Wednesday, August 26, 2009

The Passing of a True “Political Presence”

There have been many touching and well-deserved tributes to Ted Kennedy today in the wake of his passing – most far beyond what I could offer on the subject. Suffice to say, he was a great public figure whose heart was always in the right place even if (in earlier years, at least) his brain and body might not have been.

One can’t help but be moved by the many testimonies today to his dedication and compassion as a legislator, as well as to what a genuinely personable and caring individual he was – especially in his last two decades.

I met Massachusetts’ senior senator in person only once , back when I was a community newspaper editor and he visited our offices during a 1990 campaign tour – he must’ve been hitting every podunk borough in the commonwealth! At that time, my main impression was less about his policies and politics than about how bad he looked. He was, I recall, a bloated gin blossom in a fancy dark suit. Obviously, this was before Victoria Reggie cleaned him up and seemingly overnight turned him into the respected old political lion he is immortalized as today.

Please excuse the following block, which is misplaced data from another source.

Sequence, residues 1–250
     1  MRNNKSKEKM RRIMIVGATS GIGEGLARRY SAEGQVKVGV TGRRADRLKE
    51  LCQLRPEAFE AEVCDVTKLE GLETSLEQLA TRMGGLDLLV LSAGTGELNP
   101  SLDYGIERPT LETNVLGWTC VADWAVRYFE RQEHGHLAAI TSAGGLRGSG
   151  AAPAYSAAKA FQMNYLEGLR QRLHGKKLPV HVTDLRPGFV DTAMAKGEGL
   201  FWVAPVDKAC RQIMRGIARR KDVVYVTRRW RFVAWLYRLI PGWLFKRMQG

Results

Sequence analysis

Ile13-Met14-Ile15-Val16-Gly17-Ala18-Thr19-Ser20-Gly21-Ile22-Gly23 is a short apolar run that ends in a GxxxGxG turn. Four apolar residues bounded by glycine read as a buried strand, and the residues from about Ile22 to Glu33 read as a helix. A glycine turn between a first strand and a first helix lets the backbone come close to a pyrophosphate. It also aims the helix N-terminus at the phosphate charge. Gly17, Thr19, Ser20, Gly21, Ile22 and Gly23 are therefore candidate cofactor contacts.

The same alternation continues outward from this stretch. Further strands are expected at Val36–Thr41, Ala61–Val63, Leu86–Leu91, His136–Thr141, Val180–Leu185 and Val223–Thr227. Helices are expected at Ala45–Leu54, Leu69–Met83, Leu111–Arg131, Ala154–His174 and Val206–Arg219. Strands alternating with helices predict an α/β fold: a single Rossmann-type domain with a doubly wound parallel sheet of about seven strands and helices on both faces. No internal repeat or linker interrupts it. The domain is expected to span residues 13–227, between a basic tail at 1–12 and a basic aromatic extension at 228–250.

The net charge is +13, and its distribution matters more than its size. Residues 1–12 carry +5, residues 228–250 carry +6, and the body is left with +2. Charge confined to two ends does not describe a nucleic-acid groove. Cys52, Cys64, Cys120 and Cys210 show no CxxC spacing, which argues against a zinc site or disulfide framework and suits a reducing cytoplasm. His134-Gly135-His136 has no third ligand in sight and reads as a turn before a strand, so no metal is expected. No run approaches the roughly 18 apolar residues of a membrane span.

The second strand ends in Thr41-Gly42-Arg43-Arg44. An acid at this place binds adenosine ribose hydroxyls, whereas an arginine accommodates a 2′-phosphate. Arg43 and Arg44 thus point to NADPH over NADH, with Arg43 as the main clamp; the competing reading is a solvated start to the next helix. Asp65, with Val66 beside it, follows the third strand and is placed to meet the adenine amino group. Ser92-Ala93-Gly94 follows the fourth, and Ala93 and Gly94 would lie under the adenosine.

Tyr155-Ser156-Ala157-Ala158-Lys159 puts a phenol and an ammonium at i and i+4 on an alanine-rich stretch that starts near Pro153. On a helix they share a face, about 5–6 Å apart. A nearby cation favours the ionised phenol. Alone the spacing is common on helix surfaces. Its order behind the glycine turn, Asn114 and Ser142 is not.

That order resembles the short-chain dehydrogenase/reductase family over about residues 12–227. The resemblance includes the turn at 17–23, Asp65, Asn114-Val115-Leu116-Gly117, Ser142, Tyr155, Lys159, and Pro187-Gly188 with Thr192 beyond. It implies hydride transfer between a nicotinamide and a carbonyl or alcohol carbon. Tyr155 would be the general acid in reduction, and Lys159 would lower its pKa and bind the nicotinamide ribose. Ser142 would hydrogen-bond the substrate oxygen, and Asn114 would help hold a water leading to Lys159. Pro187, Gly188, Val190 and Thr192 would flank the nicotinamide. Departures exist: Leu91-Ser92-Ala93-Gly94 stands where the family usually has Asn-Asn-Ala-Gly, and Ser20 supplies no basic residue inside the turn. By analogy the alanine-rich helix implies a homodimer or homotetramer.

However, then and now, I have great respect for his tireless work on many important issues during his half-century of public service. And I especially admire both his willingness and his ability to build bridges across that wide aisle of partisanship in D.C. and beyond. In that regard at the very least, we need more like him.

R.I.P., the last prince of the Camelot. (What’s left are mere squires and handmaidens by comparison).


  1. In the pictures tell a thousand word's department ...

  2. One more postscript: Living a mile or so from the highway connecting Boston and Cape Cod, it was amazing to see crowds of people on Thursday parked at each highway exit (in the grassy areas around the on/off ramps) and posted up on the overpasses to pay their last respects to Senator Kennedy as his hearse made its way from Hyannisport to Boston for the funeral. Add that to the tens of thousands of people who lined up to see him lying in state at the J.F.K. Library on Friday ... not sure there are many presidents who would draw that level of appreciation.